Turn one-time gifts into long-term pledges

Planned fundraising campaigns add support

Your budget is shrinking. Reimbursement is dropping. Expenses are rising. How can you meet the growing need for funds?

Fundraising campaigns are one way, but home health agencies typically don’t run capital campaigns for one-time needs, says Charles R. Hillary, president of Hillary Lyons Associates, a fundraising consulting firm in Dimondale, MI.

"Home health and hospice agencies need to focus on long-term fundraising efforts that are designed to support all services of the agency, not just one immediate need," he suggests.

Hillary recommends that home health and hospice organizations take a look at how they can convert their periodic memorial gift givers into ongoing contributors. "People who make memorial contributions based on their good feelings about your agency and how you treated their family member are an excellent way to build a donor base," he says.

The funds can be significant for agencies that take the time and effort to build a fundraising program, says Anne E. Koepsell, MHA, executive director of the Hospice of Spokane (WA).

"Between the years 1985 and 1997, we usually received around $300,000 in donations," she says.

Following her efforts to establish a formal program for fundraising, her agency has seen growth in donations rise to $544,000 in 2000 and $937,000 in 2001. "Part of the money we raised in 2001 are funds designated for use to build a hospice house, but the undesignated funds are at least $600,000," she says.

Undesignated funds are used to underwrite programs such as bereavement classes, new services, and staff salaries, Koepsell explains.

Hospital affiliates have extra challenge

Koepsell’s agency is not affiliated with a hospital, so it was easy for her to gain approval to actively solicit funds.

"Hospital-affiliated hospice and home health agencies may have to get permission to conduct their own fundraising activities, but it can be done," Hillary says.

He suggests that agency managers offer to get staff and themselves involved in the hospital’s fundraising effort and offer community-service activities such as seminars on health-related issues or bereavement issues as a way to help the hospital foundation’s community efforts.

"The more educated donors and your own hospital fundraisers are about your services, the more likely you can participate in raising or helping distribute funds received," Hillary says.

"We are not allowed to solicit our own funds, and whatever donations we do receive from patients or the community go directly to the hospital foundation," says Judy Hannah, RN, director of home health care and hospice for Hamilton Medical Center in Dalton, GA.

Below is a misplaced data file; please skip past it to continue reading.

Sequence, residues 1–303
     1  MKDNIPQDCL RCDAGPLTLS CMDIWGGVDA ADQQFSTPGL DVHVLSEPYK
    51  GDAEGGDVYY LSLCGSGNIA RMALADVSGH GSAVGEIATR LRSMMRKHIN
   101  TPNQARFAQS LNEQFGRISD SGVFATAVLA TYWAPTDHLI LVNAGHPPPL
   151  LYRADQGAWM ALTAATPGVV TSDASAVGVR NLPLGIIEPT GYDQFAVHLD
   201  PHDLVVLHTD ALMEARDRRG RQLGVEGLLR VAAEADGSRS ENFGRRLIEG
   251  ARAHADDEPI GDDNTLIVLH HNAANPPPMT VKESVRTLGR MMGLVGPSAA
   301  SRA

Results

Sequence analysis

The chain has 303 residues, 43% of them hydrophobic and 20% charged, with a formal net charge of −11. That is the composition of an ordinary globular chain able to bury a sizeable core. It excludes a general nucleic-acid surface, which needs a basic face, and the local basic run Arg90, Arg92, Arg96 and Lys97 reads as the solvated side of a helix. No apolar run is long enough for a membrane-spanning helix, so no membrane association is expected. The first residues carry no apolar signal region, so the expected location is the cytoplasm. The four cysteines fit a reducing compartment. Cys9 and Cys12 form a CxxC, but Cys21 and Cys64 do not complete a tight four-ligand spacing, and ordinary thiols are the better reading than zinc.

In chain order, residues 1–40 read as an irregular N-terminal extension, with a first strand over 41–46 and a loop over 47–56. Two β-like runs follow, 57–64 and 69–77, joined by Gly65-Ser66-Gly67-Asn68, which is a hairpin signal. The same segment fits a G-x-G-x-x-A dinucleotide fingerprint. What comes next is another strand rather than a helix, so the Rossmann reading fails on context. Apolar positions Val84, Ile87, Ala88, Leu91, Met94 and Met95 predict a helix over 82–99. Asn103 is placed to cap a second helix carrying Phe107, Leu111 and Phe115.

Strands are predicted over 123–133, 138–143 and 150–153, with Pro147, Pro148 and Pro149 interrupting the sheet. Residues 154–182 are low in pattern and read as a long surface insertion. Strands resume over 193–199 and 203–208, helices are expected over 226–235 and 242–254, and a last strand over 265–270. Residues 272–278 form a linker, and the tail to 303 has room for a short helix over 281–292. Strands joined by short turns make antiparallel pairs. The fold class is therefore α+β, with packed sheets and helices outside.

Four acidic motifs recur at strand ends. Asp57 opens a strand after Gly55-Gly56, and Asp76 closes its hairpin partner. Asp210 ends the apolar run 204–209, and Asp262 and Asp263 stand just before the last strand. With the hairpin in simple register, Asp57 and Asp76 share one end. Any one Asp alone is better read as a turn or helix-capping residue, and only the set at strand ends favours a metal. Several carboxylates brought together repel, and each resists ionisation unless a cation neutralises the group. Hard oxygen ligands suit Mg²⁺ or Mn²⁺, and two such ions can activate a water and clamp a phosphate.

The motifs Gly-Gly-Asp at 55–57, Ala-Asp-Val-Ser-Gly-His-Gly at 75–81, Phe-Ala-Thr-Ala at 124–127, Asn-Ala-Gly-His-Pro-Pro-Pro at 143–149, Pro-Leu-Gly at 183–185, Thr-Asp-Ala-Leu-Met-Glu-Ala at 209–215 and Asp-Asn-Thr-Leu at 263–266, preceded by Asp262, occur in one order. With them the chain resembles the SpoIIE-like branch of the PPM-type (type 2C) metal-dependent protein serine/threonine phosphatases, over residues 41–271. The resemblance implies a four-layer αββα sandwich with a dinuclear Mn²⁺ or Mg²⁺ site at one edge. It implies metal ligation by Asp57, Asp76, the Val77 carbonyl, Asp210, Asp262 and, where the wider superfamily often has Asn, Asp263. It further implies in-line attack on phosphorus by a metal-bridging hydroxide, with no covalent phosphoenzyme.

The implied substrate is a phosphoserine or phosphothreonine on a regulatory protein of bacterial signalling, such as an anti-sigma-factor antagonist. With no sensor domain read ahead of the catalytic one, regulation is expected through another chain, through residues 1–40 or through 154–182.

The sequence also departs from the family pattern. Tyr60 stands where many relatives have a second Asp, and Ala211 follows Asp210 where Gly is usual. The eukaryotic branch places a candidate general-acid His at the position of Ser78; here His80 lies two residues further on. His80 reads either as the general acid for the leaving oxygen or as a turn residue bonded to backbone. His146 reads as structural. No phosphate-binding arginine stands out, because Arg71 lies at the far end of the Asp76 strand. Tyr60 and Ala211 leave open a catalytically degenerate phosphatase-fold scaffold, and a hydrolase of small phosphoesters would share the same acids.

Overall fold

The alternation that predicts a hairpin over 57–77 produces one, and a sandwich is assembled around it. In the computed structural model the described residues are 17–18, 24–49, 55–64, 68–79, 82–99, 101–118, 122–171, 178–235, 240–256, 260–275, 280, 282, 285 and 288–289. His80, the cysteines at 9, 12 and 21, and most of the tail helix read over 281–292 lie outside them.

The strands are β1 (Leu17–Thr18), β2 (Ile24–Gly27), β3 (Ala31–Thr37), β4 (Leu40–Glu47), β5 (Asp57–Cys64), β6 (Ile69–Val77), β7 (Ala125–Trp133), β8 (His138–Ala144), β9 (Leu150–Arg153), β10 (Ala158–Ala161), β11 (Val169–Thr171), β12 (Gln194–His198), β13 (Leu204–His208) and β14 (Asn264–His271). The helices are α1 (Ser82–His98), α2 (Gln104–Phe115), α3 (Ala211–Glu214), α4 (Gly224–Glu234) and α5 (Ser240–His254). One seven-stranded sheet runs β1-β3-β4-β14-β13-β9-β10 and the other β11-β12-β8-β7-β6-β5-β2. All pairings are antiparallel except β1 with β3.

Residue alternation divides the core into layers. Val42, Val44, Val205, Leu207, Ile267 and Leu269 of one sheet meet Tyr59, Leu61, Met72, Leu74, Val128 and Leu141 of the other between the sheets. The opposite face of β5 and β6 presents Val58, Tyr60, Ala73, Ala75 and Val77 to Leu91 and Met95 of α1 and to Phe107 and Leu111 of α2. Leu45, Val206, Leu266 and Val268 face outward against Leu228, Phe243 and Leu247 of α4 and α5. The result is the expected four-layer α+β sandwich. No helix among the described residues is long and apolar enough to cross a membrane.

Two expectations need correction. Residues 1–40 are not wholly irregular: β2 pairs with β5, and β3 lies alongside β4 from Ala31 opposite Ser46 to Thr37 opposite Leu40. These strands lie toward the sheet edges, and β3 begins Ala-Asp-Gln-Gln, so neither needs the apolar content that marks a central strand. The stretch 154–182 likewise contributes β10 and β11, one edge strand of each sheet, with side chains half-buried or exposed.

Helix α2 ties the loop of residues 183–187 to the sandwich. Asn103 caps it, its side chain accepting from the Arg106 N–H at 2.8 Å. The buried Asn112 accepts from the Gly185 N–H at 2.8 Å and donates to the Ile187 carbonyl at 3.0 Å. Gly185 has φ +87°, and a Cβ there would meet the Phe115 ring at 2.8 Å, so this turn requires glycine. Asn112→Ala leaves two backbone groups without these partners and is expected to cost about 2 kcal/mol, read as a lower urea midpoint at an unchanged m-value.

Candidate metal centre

"All of our employees do participate in the hospital’s fundraising campaign through payroll deduction, and we often do request financial assistance for some of our patients through the foundation," she says.

"Almost all of our requests are for hospice patients who need financial assistance to pay for medications, add a room air conditioner during the summer months, or pay essential bills such as rent or telephone," Hannah says. Although most home health patients don’t require the same type of assistance, it is available if needed, she adds.

Hannah does point out that if funds are designated for use in hospice or home health, they must be used in those areas. "We have one hospice benefactor who donated a substantial amount of money and designated it for the hospice’s use," she says. The funds were used to refurbish and refurnish the hospice agency’s offices to make them more efficient, she adds.

If you can solicit your own funds, be sure to think long term, says Hillary. Design your program to ask first for donations from two groups that are already believers in your good service, he says. "Solicit funds from employees and from people who have already contributed," he says.

Not only are these two groups readily available, but also it is important to show that your employees support your efforts before you go to community donors, he adds.

Rely on community leaders

The most successful long-term fundraising programs are based on a system of committees composed of community volunteers, Hillary says. "We set up committees such as annual support, planned giving, and major gifts. The leaders of these committees as well as key community leaders make up the volunteer governing board," he says.